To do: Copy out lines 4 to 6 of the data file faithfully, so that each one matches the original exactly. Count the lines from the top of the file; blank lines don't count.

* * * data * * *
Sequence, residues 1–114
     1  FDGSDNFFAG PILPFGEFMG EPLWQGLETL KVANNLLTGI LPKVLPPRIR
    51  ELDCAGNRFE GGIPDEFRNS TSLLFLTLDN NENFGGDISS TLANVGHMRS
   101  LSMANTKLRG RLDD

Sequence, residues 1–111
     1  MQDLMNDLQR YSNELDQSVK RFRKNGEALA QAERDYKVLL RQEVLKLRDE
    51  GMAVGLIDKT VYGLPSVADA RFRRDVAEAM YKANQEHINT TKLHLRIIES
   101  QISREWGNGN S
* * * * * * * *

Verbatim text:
   101  LSMANTKLRG RLDD

Sequence, residues 1–111
     1  MQDLMNDLQR YSNELDQSVK RFRKNGEALA QAERDYKVLL RQEVLKLRDE